There is a slight debate on the oil but it really is nothing more then standard gear SAE 30 to 50 weight non-detergent oil. Usually can be picked up at your local auto parts store for a few bucks. There are some higher end oils that can be purchased but if you keep up on the "oil changes" like you are suppose to then you should be okay with just standard oil. Ironrite labeled oil is nothing more then 50W motor oil packaged by Gulf Oil. If you use the machine quite a bit you should change the oil every couple years. I would say probably every 3-4 years with light use. I've included the link to a good little instructional movie you should watch and it will teach you how to use your new treasure.

CLICK HERE TO GO TO sudslock1's LINK


Post# 491889 , Reply# 8   1/27/2011 at 14:13 (3,729 days old) by whirlcool (Just North Of Houston, Texas)        

Wow, those are rarer than hen's teeth in this part of the country.  Looks like a nice one. Where did you find it?


Post# 491896 , Reply# 9   1/27/2011 at 15:12 (3,729 days old) by takacedon (Salt Lake City)        
So much great info!

@Sudslock1 - thanks for the oil info, I can't wait to get home to watch the video. The machine is going to need some cleaning up, and the wood is de-laminating from having been painted, so I'll have to find SOME way to make it presentable and functional.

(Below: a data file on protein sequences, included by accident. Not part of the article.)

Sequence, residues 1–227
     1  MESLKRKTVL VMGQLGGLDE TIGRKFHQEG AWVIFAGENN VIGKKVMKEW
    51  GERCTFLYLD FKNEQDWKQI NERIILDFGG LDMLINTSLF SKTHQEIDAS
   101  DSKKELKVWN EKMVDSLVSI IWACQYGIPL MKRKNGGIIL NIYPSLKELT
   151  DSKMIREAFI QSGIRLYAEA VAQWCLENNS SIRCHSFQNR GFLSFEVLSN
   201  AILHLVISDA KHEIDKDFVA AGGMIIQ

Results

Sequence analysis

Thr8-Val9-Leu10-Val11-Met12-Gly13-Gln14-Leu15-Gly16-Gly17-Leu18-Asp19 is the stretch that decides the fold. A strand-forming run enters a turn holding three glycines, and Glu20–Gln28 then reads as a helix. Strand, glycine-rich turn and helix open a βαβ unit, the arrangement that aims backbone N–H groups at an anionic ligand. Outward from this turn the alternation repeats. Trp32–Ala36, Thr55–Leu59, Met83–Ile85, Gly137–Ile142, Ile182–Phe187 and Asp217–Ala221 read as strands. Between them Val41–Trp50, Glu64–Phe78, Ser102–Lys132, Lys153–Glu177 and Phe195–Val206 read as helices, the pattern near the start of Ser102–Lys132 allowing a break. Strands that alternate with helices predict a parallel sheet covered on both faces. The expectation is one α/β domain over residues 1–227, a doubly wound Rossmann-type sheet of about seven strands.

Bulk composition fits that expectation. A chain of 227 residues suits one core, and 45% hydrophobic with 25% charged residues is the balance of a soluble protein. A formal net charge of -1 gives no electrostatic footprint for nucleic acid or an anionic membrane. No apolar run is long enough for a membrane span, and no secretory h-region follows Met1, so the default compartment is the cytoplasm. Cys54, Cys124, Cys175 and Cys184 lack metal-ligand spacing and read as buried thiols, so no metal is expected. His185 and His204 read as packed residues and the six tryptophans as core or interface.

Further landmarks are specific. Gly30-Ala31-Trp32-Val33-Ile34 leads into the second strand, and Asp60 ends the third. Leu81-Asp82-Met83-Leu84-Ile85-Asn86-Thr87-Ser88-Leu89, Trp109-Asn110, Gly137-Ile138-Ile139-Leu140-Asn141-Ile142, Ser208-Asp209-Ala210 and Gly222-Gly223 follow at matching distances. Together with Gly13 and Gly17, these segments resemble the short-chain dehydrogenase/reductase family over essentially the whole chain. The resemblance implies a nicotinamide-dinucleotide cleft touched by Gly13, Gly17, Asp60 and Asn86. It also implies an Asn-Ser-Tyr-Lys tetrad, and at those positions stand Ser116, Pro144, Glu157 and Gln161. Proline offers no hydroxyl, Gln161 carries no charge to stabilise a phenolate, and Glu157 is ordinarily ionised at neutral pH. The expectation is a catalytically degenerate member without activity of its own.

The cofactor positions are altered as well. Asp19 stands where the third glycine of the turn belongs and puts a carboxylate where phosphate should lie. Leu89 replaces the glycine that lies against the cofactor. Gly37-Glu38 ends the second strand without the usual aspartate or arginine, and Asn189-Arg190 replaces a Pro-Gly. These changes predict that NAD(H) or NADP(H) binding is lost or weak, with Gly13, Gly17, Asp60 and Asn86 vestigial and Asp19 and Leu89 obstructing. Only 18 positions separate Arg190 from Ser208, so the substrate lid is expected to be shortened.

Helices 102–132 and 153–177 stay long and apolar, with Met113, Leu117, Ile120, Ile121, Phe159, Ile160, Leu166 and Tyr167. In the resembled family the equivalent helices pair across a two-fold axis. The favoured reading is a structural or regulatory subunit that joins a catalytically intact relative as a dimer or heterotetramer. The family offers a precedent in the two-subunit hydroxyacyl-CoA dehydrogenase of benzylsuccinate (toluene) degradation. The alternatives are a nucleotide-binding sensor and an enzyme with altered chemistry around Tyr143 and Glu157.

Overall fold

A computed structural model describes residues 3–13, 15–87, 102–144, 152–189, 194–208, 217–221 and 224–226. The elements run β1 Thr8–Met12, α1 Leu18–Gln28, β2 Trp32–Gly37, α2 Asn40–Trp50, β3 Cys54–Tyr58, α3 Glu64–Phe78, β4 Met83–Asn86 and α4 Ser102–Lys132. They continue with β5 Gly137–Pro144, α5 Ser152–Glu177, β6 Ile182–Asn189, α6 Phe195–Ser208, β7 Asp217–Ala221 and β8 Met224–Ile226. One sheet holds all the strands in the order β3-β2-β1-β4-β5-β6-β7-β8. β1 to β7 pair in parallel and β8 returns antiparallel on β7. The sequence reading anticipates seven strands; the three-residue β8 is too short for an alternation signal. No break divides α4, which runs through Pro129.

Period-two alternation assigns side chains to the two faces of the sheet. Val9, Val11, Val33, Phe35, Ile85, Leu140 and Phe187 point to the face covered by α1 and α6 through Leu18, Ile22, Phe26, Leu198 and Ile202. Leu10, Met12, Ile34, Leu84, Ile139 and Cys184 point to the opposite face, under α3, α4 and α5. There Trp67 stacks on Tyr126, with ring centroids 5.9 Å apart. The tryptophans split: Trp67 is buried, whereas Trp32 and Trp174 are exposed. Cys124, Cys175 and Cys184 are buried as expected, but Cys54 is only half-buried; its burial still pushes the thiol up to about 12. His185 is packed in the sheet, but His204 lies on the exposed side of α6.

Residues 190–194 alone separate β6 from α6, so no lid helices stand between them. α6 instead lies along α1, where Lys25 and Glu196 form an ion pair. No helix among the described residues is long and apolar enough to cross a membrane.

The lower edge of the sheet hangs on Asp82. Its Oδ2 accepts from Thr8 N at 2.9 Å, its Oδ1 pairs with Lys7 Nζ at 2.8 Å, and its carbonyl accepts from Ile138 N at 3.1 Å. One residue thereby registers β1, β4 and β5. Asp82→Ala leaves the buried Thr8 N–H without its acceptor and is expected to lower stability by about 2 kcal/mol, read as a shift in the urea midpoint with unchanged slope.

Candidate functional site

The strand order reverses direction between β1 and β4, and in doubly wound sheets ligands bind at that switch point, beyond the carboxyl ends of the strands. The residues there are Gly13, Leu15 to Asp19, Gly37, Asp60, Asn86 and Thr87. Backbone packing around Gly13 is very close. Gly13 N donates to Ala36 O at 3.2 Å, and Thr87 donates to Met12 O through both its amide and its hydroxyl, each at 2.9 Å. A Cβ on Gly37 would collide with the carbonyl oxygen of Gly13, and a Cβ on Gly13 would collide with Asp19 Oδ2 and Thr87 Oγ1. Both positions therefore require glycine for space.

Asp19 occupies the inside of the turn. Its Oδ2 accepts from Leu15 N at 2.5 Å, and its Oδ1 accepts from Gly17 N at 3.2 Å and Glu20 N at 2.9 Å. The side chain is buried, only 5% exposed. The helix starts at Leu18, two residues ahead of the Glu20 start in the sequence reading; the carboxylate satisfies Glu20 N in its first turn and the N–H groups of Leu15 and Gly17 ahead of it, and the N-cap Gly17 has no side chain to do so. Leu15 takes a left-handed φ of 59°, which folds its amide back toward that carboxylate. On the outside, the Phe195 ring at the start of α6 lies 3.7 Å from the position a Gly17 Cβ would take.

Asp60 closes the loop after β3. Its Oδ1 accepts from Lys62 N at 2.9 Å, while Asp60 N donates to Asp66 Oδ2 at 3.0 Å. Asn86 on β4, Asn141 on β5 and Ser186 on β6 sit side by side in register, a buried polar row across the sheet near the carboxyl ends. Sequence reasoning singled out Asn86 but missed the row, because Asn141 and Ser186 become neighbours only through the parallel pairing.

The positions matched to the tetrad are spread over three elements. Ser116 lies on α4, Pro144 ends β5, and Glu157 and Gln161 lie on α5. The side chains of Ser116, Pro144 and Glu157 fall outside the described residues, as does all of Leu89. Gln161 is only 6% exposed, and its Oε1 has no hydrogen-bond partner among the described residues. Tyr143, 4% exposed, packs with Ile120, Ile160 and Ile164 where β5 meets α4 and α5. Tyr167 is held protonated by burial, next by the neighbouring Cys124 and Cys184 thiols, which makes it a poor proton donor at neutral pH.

@Whirlcool - my ex found it on a craigslist ad for a garage sale! It's so hard to find vintage machines in this part of the country, isn't it?! It'll make finding a Westinghouse as likely as winning the lottery lol


Post# 491954 , Reply# 10   1/27/2011 at 20:45 (3,729 days old) by takacedon (Salt Lake City)        
Home!

Well I got it home - the seller even moved it for me! I'd say it was well worth the $85. Unfortunately the cabinet has been painted entirely beige, along with the handles. Not sure what I'll do about that. But it works, just need a new muslin cover for the roller and probably need to re-cord it, as it's the original and it sat out in a car port (!) for 30 years.

Post# 491975 , Reply# 11   1/27/2011 at 22:35 (3,729 days old) by sudslock1 (St Louis)        
Cool chance

Well I think cause the cabinet is not original that gives you a good opportunity to really customize it and make it unique. I would say sand down the cabinet and perhaps do a nice ebony finish with some gold accents and get some Oriental handles and have a far east look. Or perhaps paint it white or some other cool color and make really look awesome.

Post# 492023 , Reply# 12   1/28/2011 at 05:47 (3,729 days old) by takacedon (Salt Lake City)        
Black with gold accents

You know, my ex suggested that too! He's the artistic one, me? Not so much lol Since it'll be living in my library I'm thinking that may be the way to go. I'll be sure to post pix whenever I do it, though.

Post# 492051 , Reply# 13   1/28/2011 at 07:43 (3,729 days old) by michaelman2 (Atlanta, GA)        

tackacedon, Go to the link below I have copies of the Ironrite Service manuals and several of the owner's manuals posted at that site.  The webmaster has scanned the items in that I had sent him and they are available pdf.